Chapter 22Integration of Herbal Medicine into Evidence-Based Clinical Practice

Current Status and Issues

Zhang AL, Changli Xue C, Fong HHS.

Publication Details


The integration of herbal and other forms of traditional medicine (TM) can be done in one of the following three ways: First, it can be incorporated as an integral part of a country’s formal health care system, with each being separately recognized as legitimate forms of health care within the same framework. Second, it can be practice integrated with modern medicine by individual health care practitioners. Third, traditional and modern practices can be integrated as two branches of medical science, with the ultimate incorporation of elements of both to form a new branch (World Health Organization 2000a). The incorporation of traditional and modern evidence-based medicine (EBM) as integral parts of a country’s formal health care system is most likely to be achieved and has been demonstrated to be practicable in many countries, particularly in Asian countries such as China, Japan, Korea, and India, among others (World Health Organization 2001). On the other hand, the incorporation of traditional medical modalities such as herbal medicine into modern or EBM by either the second or third method of health care integration is not easily achieved for a host of reasons, including scientific, cultural, educational, and legal.

For decades, the People’s Republic of China has touted a system of medical education in which its modern medicine practitioners have been required to receive some formal training in traditional Chinese medicine (TCM), so that they are aware of suitable approaches in TCM during their practice of Western medicines. However, documentation of its successful integration in clinical practice is lacking (Giordano, Garcia, and Strickland 2004). In Western countries, such as the United States, Australia, Canada, and members of the European Union, the popular use of herbal medicine in the form of complementary and alternative medicine (CAM) or phytomedicine in the last two to three decades has led to a multinational, multibillion dollar industry, professional and trade organizations, national and international practice and research conferences, establishment of specialized integrated medicine practices and clinics in pain management and adjunctive cancer therapy, incorporation of CAM courses in conventional medical colleges, introduction of CAM degree-level education programs, and establishment of research funding agencies such as the U.S. National Institutes of Health (NIH) National Center for Complementary and Alternative Medicine (NCCAM;, and the Australian National Institute of Complementary Medicine (NICM; As a result of these developments, the issue of integration of CAM medicine, including herbal preparations, into modern medicine has been the subject of ongoing international discussions in the last few years (Fong 2002; Barrett 2003; Ruggle 2005; Boyd 2007; Geffen 2007; Evans 2008; Grimaldi 2008; Shang et al. 2008; Jobst 2009; Joos, Musselmann, and Szecsenyl 2009).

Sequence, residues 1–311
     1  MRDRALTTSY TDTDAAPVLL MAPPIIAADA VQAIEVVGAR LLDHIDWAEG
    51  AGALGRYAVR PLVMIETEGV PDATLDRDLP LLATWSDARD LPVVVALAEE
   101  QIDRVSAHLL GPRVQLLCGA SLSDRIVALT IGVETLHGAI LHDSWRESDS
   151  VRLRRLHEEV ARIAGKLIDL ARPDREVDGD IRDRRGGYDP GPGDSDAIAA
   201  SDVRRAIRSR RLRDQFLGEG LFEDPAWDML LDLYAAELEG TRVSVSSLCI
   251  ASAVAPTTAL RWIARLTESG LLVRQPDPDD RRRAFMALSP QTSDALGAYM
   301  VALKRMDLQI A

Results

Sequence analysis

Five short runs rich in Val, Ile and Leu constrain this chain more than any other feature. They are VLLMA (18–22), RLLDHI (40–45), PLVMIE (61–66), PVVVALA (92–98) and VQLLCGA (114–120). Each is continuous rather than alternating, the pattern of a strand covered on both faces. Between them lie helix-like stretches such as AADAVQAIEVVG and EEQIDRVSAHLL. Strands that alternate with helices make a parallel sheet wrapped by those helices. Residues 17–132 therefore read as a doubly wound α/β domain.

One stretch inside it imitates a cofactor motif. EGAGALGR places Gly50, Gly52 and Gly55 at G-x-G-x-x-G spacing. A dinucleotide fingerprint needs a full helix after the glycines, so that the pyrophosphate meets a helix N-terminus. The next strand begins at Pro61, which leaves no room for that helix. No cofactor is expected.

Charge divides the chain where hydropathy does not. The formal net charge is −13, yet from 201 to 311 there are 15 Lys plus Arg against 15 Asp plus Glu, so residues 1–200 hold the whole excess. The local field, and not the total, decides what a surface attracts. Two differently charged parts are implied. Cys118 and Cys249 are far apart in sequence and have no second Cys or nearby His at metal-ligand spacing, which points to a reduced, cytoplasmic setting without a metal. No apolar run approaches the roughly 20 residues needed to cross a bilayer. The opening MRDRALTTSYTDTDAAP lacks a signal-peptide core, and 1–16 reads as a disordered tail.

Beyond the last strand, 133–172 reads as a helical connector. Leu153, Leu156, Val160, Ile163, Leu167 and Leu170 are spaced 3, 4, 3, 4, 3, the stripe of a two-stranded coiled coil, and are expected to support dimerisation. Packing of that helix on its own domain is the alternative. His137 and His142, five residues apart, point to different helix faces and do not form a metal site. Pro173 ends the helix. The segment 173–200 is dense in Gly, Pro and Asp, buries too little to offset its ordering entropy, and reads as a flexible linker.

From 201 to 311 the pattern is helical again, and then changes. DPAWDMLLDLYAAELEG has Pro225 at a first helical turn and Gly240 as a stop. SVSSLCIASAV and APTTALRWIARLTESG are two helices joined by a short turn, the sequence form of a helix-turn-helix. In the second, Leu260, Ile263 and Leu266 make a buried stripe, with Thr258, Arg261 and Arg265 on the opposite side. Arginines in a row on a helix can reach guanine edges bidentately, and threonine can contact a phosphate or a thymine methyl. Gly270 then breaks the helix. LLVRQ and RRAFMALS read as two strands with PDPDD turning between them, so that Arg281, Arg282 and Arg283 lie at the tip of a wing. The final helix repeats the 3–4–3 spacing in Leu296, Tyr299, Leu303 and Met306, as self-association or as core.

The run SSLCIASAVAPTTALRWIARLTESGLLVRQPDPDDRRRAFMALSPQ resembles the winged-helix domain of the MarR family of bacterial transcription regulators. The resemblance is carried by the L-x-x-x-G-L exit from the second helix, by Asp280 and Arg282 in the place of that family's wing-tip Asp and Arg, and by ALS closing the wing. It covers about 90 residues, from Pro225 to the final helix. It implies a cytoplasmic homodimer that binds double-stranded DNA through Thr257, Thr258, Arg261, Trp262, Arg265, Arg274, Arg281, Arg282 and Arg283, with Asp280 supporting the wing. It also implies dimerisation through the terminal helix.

However, proof of efficacy or safety for the vast majority of herbal medicine has not been fully established through an evidence-based approach. Further, other issues, such as scientific, cultural, educational, economical, and legal, need to be addressed. In this chapter, we examine the current status and major scientific issues or factors that affect the integration of herbal medicine into evidence-based medical therapy.